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Tips on How To Be A Stoner

Category: Culture | Posted on Wed, July, 31st 2013 by THCFinder

So hopefully some of these tips come in handy for you all and if you have any tips of your own, feel free to email (missbotwin42o@gmail.com) them to me so I can prepare for a second round of stoner secrets!

teally-high-people-(28)

1. Ladies, nail polish is a flammable substance. Beware of lighting bowls while in windy areas or in moving cars with the windows down.

2. If you think you’re going to get hungry, make a healthy snack a head of time. I don’t know about you but I love pizza more than any other food and it’s just SO convenient when I’ve been smoking for hours…

 
granola-overnight-oats-004
 

3. Don’t fake inhale. I’ve had so many “friends” that blow through my weed because they don’t actually inhale it in to their lungs. While ghosts and tricks are cool, if you’re just going to spew spit and smoke all over the place after you take a hit, give up before you start, ESPECIALLY if it’s not your weed!

4. Corner the bowl! If you get caught torching the whole bowl by sticking the entire lighter right in to their center, someone is going to take away the bowl and you will be in sober quarantine because no one wants to smoke with a noob.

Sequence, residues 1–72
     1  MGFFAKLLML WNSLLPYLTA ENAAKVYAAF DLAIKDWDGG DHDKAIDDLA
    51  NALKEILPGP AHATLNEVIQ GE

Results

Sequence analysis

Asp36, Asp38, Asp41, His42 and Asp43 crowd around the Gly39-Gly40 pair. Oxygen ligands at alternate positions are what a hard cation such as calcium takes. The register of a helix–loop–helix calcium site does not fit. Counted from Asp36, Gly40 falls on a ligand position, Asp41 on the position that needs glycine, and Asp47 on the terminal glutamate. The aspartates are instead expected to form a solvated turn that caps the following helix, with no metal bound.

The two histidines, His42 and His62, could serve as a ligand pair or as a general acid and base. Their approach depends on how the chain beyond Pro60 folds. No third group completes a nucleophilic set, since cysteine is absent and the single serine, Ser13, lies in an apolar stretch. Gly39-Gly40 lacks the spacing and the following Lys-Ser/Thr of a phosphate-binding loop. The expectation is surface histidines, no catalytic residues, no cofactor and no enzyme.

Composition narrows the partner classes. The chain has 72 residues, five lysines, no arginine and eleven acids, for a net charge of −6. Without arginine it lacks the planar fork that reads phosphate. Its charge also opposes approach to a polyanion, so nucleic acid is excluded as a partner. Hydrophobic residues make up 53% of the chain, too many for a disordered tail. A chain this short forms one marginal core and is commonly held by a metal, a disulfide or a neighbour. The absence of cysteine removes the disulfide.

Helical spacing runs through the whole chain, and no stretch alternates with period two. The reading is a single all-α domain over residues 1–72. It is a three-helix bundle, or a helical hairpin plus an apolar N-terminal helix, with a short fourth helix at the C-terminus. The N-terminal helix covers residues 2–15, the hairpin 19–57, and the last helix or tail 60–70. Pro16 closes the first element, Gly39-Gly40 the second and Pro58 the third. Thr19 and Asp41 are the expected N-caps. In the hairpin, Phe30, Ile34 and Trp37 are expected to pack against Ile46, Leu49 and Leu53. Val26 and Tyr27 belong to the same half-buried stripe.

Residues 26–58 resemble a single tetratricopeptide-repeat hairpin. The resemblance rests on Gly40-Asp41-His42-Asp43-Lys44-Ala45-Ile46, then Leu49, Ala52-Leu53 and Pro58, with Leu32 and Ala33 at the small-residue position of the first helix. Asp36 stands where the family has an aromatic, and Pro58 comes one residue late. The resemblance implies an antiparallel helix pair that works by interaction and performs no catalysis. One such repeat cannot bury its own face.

5. Learn to roll… And learn to do it well. People are always impressed with dope rolling skills, even more so if you can produce a strawberry banana split blunt covered in keif. There are some crazy blunt wrap flavors out there and when I smoke a lot of blunts, that combination was always my favorite. But yes, learn to roll and you will have captivated the hearts of all of your stoner friends.

 
joint
 

6. Try not to fall asleep. Everyone has a limit of how much they can smoke before they curl up in to a ball and fall into a deep sleep. Know your limit and when you think you’ve had enough, just say pass. If someone calls you names for doing that, you have every right to tell them off. While smoking yourself in to a coma is totally acceptable when it’s 1am, it’s not so much when you’re at a friend’s on his couch.

7. Don’t sit on the joint. It’s cool that you’re sharing the hilarious story of how your best friend got hammered and fell in a shallow river last weekend but there are other people in the room that want to get high and you’re roadblocking them.

8. Carry a bottle of water with you at all times, especially when your going to hang out with friends and smoke. When you take a hit and cough for days, it’s easier to have a bottle of water right next to you than attempting to ask someone for a glass of something.

9. Always clean the bong water after smoking! That water in there gets nasty and can begin to grow mold if you let it sit for too long. It’s not that hard to dump the bong out and refill it. Plus, how good to fresh water bong hits taste? There’s an insane difference between clean and dirty bong water.

 
Blunt-Joint-sexy-stoner (46)
 

10. If someone smokes you up, you are not allowed to complain about the quality of the weed. Someone is nice enough to share their stash with you. If the weed isn’t the dankest dank, at least you’re with good people.

Remember, you can submit stoner tips to me via email for my next round of stoner tips. I hope that you took something away from this list that you didn’t know before and that it benefits your smoking experience. Stay blazed!

Source: http://www.stonerdays.com


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Never too old to get Medicated